a little bit further…

Road cycling. Fun individual exploring or group rides.

  • Bend and Sisters, Oregon. I recently saw a cycling friend off on her 15-day cycling and awareness campaign journey, to engage people inbetween Bend, OR and Newport Beach, CA about the serious crime of human trafficking. Before heading back to Portland, I went on the Three Creeks Lake road climb. McKenzie Pass is also supposed to be a nice touring climb.
  • Mount Shasta, California. I started at Mt. Shasta City Park where the headwaters of the Sacramento River begin, and totally filled my bottles with this fresh water source at the end. I had 3 bottles, and it was hot. Could have made it down with that amount but a park ranger offered me a bottle of water so I took it to be safe! One way: 14.2 mi +4171 ft. http://www.pjammcycling.com/59.-mt.-shasta–ca.html
  • NF-17 in Oregon with midway break at Drift Creek Falls trail. Bring a bike lock and walking shoes for a ride break and to check out Oregon’s longest suspension bridge at 240 feet in length. Didn’t ride this but in a car it seemed like a good excursion by bike. Not too much car traffic. Bring lights for visibility. Flowing paved roads with the tiniest bit of gravel. 19.2 miles one way. https://goo.gl/maps/Vjya6xMPAtx
  • Haleakala on Maui, Hawaii. It’s so satisfying to have done a 10,000 foot continuous climb. I recommend this ride for anyone. Avg 5-7% grade so it’s manageable. Beautiful lush scenery! Cars are not more scary than GMR (Glendora Mountain Road in Southern California), for example. The summit is in a big beautiful National Park. Majority of the time with weather patterns, there is pouring COLD rain in the afternoon–you actually ride through the raincloud. I was shivering/teeth chattering cold coming down. So unless you’re a cold blooded cycling beast, either start really early so you’re descending before noon, or pack your rain jacket, gloves, and lights. Even though it’s a single-lane road with drop offs down the volcano and low visibility, it is a touristy area so most people are in no hurry and will look out for you. Still–can feel scary with the low visibility of rain. On the way up, there are tons of water options, it’s not desolate. There are stores, schools, and churches. I filled up at a veterans cemetery. There are supply options except for the last 22 miles, and I never felt at a loss for water. At least 2 tiny towns with markets on the main climb so you don’t have to pack all your food if you don’t want. https://www.strava.com/activities/409175012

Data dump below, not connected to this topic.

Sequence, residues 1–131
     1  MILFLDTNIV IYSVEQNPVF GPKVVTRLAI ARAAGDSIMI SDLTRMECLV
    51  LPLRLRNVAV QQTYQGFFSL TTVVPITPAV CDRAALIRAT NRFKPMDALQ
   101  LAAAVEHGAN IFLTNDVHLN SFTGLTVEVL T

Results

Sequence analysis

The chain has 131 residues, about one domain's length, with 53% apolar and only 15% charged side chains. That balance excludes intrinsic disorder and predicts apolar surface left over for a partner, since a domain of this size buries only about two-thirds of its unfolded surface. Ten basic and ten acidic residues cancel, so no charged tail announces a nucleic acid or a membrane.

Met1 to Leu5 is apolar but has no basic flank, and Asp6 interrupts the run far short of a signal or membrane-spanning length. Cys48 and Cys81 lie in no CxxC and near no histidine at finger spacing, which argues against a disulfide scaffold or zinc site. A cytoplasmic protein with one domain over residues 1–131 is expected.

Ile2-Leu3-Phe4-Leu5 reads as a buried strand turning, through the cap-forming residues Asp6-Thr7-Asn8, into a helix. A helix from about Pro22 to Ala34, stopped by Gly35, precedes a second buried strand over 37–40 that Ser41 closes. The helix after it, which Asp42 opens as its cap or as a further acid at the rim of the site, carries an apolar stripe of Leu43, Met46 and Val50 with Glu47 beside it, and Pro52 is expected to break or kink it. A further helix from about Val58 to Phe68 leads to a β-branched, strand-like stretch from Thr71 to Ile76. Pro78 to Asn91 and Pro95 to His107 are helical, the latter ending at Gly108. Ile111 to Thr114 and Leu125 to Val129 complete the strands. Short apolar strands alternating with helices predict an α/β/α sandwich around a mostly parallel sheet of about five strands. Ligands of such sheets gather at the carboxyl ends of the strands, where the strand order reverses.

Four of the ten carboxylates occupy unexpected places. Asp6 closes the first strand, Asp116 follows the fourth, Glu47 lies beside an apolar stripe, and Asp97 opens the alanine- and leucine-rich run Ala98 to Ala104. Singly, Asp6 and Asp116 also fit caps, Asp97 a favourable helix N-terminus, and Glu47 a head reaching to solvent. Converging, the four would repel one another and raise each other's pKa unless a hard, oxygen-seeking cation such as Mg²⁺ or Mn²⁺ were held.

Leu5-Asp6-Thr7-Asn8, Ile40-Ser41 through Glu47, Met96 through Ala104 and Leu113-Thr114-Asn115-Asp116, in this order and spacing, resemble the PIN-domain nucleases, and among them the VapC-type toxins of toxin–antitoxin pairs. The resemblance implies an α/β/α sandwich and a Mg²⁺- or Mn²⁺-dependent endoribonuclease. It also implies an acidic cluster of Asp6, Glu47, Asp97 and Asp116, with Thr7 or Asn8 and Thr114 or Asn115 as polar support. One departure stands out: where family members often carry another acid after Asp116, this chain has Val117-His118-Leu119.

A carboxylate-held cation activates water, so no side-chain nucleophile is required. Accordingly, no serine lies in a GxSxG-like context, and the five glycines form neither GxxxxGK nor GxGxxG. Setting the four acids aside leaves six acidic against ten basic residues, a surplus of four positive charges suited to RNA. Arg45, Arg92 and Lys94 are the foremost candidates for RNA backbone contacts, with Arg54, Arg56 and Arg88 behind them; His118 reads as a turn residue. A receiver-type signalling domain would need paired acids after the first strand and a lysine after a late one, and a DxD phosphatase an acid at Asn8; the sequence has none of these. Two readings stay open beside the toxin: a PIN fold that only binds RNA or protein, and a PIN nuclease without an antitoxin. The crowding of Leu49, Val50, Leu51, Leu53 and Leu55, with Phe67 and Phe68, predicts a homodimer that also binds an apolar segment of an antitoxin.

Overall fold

• West Maui Loop on Maui, Hawaii. Beautiful. Some tricky spots that are one lane roads for cars, so imagine where that puts a cyclist if the road is up against the cliffs. But I enjoyed it immensely. A few places for water and snacks, including locals who informally sell you stuff. I went clockwise from my hotel and I heard clockwise is better than counterclockwise. https://www.strava.com/activities/409670808
  • Everesting. Do you know the cycling phenomenon whereby cyclists challenge themselves to climb the equivalent elevation of Mount Everest in a single ride? 8,848 meters=29,028 feet. Now that the thought is in your mind, does it make you want to vomit, or throw a leg over your bike, or maybe a little of both? I’ve never done it but there is usually a 2 day Everest challenge in the Eastern Sierras area each year. One year, there seemed to be snafus with the organized ride and riders who planned on doing it were not fans of the edited route, so a friend planned our own 2 day Everest challenge with SAG in the San Gabriel Mountains (east of Los Angeles). I only did day 1, which was Encanto Park in Duarte to Dawson’s Saddle, down across East Fork and little GMR, up GMR to Mt. Baldy ski lifts and return to Encanto Park. When mapped out on Strava ahead of time, it was 120 miles and 16,606 ft but everyone’s Garmin showed slightly different elevation. Whatever it was, it was a blast!
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